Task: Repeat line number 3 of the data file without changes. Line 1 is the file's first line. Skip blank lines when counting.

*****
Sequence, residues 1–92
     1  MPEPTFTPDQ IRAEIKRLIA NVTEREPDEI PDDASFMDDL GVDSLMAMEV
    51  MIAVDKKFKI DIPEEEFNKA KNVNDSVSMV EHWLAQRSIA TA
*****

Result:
    51  MIAVDKKFKI DIPEEEFNKA KNVNDSVSMV EHWLAQRSIA TA